Washington Mutual Bank also has a subsidiary, Washington Mutual FSB,
Park City, Utah. They have combined assets of $307 billion and total
deposits of $188 billion.

Thursday evening, Washington Mutual was closed by the Office of Thrift
Supervision and the FDIC named receiver. WaMu customers with questions
should call their normal banking representative, service center,
1-800-788-7000 or visit www.WaMU.com. The FDIC's consumer hotline is
1-877-ASK-FDIC (1-877-275-3342) or visit www.fdic.gov.

# # #

Congress created the Federal Deposit Insurance Corporation in 1933 to
restore public confidence in the nation's banking system. The FDIC
insures deposits at the nation's 8,451 banks and savings associations
and it promotes the safety and soundness of these institutions by
identifying, monitoring and addressing risks to which they are
exposed. The FDIC receives no federal tax dollars – insured financial
institutions fund its operations.

FDIC press releases and other information are available on the
Internet at www.fdic.gov, by subscription electronically (go to
www.fdic.gov/about/subscriptions/index.html) and may also be obtained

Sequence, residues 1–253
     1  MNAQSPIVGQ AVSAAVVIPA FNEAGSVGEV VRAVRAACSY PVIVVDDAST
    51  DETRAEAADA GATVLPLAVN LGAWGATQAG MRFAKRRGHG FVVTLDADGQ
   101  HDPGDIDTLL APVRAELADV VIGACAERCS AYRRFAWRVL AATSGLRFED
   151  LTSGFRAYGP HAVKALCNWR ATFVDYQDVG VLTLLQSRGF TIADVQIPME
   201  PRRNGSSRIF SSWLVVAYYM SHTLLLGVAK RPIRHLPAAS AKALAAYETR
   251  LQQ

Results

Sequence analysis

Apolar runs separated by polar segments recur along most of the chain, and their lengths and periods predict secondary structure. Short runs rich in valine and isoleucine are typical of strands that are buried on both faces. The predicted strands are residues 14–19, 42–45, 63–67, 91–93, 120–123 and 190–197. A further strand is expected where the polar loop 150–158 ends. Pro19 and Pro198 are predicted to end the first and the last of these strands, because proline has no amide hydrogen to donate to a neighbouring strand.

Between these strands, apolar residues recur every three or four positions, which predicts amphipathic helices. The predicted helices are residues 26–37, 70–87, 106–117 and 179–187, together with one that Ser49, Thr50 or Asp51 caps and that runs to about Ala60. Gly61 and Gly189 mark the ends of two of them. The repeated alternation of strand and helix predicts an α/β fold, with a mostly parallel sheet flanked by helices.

through the FDIC's Public Information Center (877-275-3342 or
703-562-2200). PR-85-2008



posted on Sep, 25 2008 @ 10:53 PM
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``We got this at a price that protects us, where if we were wrong, it still protects us,'' Dimon, 52, said in an interview. The FDIC accepted JPMorgan's bid this morning, he said, and he already sent an e-mail to all of WaMu's employees.

So even he's not sure that this is a good deal for JPMorgan this deal could back fire on them in the long run.


Dimon also said on the conference call that he's in favor of the government's proposed $700 billion plan to prop up the banking industry, but didn't rely on it to complete the deal.

I call BS on the last line of this. he agreed to the deal so he could dump them off on us if the Bailout is passed. and he knows it watch and see. plus he'll dump the assets from Bear Stearns.